Student Loan Bill Passes House, Rates Lowered (For a Little While)

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Looks like students might actually see lower interest rates on their loans in time for classes this fall. The House of Representatives has now passed a bill to reverse the jump in student loan interest rates that happened at the beginning of last month.

The bill, which passed 392-31,was approved by the Senate last week.

Student loan rates doubled to 6.8 percent on July 1, after legislators failed to find a bipartisan solution to keep the costs down. The new measure will tie student loan rates to the market, retroactively lowering July's high interest rate.

How does that translate? For a little while, at least, students will have significantly lower interest rates for federal loans. This school year, undergraduates will be able to borrow at 3.9 percent, graduate students at 5.4 percent, and generous parents at 6.4 percent.

Until now, the law required that Congress chose interest rates on subsidized student loans.

"Going forward, the whims of Washington politicians won't dictate student loan interest rates, meaning more certainty and more opportunities for students to take advantage of lower rates," House Speaker John Bohner said.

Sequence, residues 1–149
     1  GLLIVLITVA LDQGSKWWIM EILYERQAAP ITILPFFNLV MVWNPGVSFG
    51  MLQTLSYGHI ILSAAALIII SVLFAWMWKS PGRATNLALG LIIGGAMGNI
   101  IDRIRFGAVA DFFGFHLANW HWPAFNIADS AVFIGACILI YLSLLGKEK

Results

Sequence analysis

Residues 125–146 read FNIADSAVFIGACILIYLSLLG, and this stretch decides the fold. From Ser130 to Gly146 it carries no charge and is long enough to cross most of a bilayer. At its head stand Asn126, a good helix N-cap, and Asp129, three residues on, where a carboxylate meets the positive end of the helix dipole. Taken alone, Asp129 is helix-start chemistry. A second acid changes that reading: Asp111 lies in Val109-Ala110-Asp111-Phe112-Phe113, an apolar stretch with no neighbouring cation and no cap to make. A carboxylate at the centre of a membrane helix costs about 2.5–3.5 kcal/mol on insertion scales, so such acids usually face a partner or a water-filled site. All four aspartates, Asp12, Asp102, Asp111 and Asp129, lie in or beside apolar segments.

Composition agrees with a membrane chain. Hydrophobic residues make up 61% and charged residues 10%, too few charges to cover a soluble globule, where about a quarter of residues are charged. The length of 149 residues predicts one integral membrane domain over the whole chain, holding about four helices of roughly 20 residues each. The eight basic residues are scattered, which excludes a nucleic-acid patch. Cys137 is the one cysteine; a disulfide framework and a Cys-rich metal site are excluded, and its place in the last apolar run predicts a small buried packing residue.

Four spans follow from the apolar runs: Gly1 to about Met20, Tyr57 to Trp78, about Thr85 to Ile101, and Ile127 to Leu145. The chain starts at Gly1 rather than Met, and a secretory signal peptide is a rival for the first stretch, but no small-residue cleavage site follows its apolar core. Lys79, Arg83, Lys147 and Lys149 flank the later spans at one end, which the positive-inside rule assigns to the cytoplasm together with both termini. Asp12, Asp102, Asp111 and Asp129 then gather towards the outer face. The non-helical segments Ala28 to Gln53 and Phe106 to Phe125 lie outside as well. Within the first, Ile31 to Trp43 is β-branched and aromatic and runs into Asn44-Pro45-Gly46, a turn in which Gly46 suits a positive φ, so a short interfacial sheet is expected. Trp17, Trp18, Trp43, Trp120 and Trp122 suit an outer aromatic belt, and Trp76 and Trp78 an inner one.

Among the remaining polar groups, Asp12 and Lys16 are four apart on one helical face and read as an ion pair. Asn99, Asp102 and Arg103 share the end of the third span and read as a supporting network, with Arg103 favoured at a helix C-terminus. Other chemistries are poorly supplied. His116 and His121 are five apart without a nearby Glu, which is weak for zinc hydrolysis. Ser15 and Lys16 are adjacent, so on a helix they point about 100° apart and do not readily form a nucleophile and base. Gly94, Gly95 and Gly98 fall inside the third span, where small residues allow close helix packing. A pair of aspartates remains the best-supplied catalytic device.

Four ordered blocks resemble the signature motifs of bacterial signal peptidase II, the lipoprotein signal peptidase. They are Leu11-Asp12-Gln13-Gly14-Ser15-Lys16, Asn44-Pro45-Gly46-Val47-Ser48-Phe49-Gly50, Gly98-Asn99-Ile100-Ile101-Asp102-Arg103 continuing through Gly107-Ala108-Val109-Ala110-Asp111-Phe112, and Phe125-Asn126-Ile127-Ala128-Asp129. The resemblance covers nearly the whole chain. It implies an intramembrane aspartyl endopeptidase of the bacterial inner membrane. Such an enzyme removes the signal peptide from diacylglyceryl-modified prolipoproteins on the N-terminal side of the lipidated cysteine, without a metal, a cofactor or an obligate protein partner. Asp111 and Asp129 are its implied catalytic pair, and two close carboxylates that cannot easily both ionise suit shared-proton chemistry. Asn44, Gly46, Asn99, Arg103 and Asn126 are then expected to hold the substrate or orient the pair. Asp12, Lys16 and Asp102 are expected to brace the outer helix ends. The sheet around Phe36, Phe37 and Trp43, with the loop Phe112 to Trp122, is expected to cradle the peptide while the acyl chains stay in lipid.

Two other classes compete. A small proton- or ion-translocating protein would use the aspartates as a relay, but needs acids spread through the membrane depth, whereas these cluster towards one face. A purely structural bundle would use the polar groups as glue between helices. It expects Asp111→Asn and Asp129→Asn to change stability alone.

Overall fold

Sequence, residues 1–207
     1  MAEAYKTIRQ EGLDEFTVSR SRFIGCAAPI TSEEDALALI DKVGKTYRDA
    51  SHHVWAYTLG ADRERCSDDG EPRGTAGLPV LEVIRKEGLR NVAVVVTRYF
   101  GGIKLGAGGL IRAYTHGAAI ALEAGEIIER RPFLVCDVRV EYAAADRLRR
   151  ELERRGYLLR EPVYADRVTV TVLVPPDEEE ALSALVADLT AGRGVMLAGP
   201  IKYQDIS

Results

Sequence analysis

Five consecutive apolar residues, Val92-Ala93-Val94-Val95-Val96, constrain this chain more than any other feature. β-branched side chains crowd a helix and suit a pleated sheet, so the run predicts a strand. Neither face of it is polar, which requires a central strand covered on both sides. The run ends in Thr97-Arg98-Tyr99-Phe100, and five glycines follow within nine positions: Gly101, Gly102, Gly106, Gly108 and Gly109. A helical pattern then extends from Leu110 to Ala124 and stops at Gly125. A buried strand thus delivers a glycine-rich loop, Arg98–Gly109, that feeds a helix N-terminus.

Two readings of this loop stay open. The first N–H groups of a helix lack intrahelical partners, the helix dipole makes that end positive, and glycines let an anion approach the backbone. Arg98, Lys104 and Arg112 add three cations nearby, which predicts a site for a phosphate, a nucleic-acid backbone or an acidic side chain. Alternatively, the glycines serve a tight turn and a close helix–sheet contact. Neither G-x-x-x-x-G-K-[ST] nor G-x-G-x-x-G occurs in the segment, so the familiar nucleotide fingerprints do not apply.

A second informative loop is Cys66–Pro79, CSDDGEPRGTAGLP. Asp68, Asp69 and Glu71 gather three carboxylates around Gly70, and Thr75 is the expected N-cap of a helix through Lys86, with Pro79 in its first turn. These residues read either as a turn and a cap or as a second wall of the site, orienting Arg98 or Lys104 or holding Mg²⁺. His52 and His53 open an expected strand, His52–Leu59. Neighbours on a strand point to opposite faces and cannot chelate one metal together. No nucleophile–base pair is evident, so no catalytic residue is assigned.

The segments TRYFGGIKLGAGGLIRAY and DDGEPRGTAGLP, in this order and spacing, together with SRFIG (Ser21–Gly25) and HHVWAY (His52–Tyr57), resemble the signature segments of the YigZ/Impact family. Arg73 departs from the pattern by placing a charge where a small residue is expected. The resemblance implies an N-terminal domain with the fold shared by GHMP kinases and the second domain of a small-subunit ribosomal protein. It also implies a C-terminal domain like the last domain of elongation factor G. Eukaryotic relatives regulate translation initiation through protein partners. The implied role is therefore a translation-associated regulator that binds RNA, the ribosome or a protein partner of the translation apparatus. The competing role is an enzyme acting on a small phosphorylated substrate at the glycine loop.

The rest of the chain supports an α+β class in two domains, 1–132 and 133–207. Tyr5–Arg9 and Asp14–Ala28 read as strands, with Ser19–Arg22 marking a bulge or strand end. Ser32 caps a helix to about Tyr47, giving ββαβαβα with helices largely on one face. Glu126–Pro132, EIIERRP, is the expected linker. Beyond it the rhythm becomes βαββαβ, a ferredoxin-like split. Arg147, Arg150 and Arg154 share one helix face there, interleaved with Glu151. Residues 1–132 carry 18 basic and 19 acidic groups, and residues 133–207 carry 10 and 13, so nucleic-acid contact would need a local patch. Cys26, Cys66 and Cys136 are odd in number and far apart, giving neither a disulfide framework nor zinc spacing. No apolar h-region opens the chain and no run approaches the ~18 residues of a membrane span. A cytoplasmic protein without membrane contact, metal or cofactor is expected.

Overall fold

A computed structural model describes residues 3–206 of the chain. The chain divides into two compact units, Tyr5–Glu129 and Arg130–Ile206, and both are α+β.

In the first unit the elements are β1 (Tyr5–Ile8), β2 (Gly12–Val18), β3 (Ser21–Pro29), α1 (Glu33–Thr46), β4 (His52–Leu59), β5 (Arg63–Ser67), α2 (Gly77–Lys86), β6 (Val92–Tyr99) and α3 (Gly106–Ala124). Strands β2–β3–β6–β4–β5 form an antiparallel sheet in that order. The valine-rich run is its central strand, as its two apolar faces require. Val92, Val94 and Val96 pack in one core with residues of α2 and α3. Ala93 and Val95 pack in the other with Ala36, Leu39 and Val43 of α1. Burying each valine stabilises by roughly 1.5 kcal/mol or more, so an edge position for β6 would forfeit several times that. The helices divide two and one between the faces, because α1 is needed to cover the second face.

Tying loan rates to the financial markets has its risks, though. Although things might be more affordable next year, costs will begin to climb as the economy gets stronger. Which means that at some point soon — estimates have it in around 2015 — rates will jump again. And although the bill does have a provision to cap interest rates in the long term, the caps are much higher than current rates — as high as 10.5 percent for parents kind enough to borrow for their kids.

"The bottom line is that students will pay more under this bill than if Congress did nothing, and low rates will soon give way to rates that are even higher than the 6.8 percent rate that Congress is trying to avoid," said Chris Lindstrom, higher education program director.

But legislators are already talking about making some changes to the deal when they begin rewriting the Higher Education Act later this year.

The measure now goes to President Obama for signature.





















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